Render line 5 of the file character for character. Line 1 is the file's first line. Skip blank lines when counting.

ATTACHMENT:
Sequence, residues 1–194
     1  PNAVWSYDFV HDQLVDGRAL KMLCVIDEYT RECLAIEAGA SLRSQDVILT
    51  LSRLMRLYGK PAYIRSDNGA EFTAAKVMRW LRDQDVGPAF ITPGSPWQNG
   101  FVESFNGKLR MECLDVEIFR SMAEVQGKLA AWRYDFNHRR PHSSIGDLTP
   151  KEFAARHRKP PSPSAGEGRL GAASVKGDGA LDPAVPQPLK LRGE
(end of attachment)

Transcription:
   151  KEFAARHRKP PSPSAGEGRL GAASVKGDGA LDPAVPQPLK LRGE